By Talmadge Harper

In her 30 years in the entertainment industry, Linda Deckard, founder and Editor-in-Chief of Venues Today magazine has watched as venues have gained influence throughout the world of ticketing, and her publication has been reporting from the front lines of the segment. She recently agreed to speak with during which she offered her insights on where venue operations are headed. How influential do you feel the role of venues play in the current ticket industry?

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Deckard: Extremely influential. Without the venues, there is no ticket industry. Ticketing is not only about generating revenue; it’s key to customer service. The venue has to be certain the customer has a good experience and gets value for money paid. If the experience is a bad one, the customer seeks compensation from the venue. . . It seems as if venues are increasingly getting caught in the middle between Ticketmaster and StubHub, etc. What are venue operators telling you about this situation, and what are they doing about it?

Deckard: The Internet has changed just about every business model, including ticketing. Venue managers, like any businesspeople, are watching carefully and assimilating best practices as quickly as they can. Auctions, resales and packages are becoming part of the primary ticket marketplace. The Ticketmaster/StubHub controversy is contractual and perceptual and will most likely be settled in court. How quickly are venues embracing the FlashSeats model and other forms of electronic ticketing?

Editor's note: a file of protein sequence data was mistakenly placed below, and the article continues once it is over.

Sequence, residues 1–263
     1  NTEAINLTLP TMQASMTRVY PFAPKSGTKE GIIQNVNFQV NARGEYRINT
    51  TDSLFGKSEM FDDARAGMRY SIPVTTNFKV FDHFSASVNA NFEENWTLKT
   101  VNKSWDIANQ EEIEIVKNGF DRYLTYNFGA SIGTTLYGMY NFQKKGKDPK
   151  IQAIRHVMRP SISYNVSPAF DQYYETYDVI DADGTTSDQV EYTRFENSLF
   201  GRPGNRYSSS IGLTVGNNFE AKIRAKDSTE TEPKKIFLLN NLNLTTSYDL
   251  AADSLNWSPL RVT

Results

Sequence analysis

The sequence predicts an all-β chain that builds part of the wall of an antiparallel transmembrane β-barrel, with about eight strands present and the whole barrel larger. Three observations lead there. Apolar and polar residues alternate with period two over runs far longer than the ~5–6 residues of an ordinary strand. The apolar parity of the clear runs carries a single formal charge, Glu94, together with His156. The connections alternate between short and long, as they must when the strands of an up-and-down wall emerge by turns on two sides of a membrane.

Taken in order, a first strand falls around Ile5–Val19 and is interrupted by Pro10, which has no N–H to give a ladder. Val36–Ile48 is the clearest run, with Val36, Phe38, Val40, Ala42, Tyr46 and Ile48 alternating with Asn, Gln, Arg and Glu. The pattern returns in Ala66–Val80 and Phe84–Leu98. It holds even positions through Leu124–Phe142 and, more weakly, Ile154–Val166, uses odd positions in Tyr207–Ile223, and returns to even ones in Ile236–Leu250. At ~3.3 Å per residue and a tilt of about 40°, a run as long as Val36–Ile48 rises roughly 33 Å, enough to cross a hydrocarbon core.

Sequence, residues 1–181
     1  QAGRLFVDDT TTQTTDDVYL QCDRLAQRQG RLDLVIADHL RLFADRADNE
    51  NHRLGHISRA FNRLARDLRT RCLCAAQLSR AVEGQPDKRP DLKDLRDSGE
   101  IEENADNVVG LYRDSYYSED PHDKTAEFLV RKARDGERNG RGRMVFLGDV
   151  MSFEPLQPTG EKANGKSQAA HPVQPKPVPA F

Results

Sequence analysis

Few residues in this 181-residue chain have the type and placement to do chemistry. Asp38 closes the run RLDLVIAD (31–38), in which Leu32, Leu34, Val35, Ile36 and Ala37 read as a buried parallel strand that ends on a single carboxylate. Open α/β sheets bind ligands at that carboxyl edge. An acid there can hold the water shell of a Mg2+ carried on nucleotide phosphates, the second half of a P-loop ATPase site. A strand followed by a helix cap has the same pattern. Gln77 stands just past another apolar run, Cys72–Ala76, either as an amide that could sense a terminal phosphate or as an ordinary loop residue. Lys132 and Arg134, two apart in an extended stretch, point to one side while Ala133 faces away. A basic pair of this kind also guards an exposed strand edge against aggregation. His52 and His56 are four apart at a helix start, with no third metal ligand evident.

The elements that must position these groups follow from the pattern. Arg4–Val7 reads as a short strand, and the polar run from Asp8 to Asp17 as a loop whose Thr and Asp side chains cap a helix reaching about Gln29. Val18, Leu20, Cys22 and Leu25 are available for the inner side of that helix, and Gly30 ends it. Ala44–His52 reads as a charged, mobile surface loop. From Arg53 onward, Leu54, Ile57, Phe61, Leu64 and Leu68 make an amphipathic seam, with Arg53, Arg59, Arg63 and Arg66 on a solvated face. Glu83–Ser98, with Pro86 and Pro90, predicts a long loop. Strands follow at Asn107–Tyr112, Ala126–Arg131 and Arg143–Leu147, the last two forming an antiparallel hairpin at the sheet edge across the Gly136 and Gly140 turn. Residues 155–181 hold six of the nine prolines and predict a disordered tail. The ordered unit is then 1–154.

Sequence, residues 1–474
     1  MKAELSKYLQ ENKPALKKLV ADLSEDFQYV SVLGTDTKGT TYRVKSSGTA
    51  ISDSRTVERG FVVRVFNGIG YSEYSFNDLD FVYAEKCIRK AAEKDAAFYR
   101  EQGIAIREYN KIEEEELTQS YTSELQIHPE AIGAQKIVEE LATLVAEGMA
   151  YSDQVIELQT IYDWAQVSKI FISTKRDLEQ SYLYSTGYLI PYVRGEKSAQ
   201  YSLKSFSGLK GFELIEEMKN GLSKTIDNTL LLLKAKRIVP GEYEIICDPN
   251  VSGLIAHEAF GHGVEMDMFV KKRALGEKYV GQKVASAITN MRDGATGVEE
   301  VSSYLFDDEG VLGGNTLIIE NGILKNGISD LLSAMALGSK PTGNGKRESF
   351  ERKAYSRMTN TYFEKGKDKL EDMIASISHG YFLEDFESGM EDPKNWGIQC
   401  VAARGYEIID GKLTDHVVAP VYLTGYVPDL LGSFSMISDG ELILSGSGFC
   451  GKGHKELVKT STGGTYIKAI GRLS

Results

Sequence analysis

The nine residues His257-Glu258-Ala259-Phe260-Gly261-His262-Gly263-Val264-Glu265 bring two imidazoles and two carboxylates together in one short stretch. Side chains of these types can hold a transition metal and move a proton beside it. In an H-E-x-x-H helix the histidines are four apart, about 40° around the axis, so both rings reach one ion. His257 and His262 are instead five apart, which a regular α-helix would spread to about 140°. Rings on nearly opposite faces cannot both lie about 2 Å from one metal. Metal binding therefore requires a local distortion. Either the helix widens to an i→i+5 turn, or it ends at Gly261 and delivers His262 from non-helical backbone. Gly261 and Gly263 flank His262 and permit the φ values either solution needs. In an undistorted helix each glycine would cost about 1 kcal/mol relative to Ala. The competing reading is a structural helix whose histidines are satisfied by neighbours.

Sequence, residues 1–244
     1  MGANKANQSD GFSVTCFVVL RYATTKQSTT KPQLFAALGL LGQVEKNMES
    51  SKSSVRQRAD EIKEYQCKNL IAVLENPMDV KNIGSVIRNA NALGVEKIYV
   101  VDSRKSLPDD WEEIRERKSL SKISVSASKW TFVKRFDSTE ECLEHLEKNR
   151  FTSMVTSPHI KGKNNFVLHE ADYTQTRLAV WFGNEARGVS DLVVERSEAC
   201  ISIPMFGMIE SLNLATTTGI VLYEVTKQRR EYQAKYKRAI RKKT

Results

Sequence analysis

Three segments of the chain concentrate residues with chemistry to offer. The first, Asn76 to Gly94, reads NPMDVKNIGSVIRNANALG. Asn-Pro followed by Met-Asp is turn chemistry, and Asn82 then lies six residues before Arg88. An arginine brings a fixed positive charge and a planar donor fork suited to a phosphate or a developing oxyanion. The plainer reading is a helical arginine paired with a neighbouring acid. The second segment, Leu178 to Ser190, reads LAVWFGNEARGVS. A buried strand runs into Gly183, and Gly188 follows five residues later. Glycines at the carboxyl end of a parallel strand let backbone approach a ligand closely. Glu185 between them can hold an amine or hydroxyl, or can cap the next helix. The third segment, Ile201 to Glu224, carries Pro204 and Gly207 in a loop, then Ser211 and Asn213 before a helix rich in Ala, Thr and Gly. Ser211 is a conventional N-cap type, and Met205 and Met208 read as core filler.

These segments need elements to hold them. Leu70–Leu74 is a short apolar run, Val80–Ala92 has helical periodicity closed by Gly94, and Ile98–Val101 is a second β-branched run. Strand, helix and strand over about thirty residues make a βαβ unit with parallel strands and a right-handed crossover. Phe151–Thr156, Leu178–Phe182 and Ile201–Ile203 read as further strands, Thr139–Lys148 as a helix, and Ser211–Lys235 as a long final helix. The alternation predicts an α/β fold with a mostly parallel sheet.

Deckard: Paperless ticketing is the wave of the future and while only a few venues are on board in the U.S., it can only grow. In fact, venues have to move to paperless to control the process, the data, the total experience, and to benefit from potential upsales and packaging. According to your magazine, House of Blues and other venues are increasing their branding and marketing efforts toward children. What are the benefits of this movement, and what are the disadvantages?

Deckard: Family show producers like Feld Entertainment and VEE Corp. have long been the backbone of the arena business, providing annual, multiple-date bookings that generate revenue, bring families to the venue and groom future customers. It is business you can count on, whatever the fluctuations in the touring market that year. Performing arts centers are on board with educational offerings and theater-size family shows. Stadiums promote family ballgames. It makes sense for clubs to tap into a little of that security if they can massage the image and brand to ensure the family time is for the kids, not for the adults. It’s a tightrope, but there are acts that can help make it happen today.

Learn more about the Insomniac web browser, designed for ticket resale professionals Baseball has moved toward smaller stadiums over the past 15 years. What are some of the other trends that you’re seeing, specifically as they relate to sports leagues and facilities?

Deckard: The quality and equality of the experience seems to be a major concern. While there are always high rollers and VIP packages, sports leagues are doing more for the general populace. The new stadiums pay more attention to everyone’s comfort and participation, from climate control to seating to concessions offerings and parking. Ticketmaster has been re-exerting its dominance in the primary ticketing market, but the secondary market seems wide open. What will separate the successful secondary companies from the pack? Do you anticipate a lot of consolidation, and if so, who?

Deckard: Since Ticketmaster is in the process of acquiring Paciolan, consolidation is obviously underway again. But there is certainly room in the marketplace for other secondary ticketing companies and there are more and more to choose from. The successful ones will have strong, reliable, dependable technology, probably aimed at enabling the venue to handle sales. The key is good technology.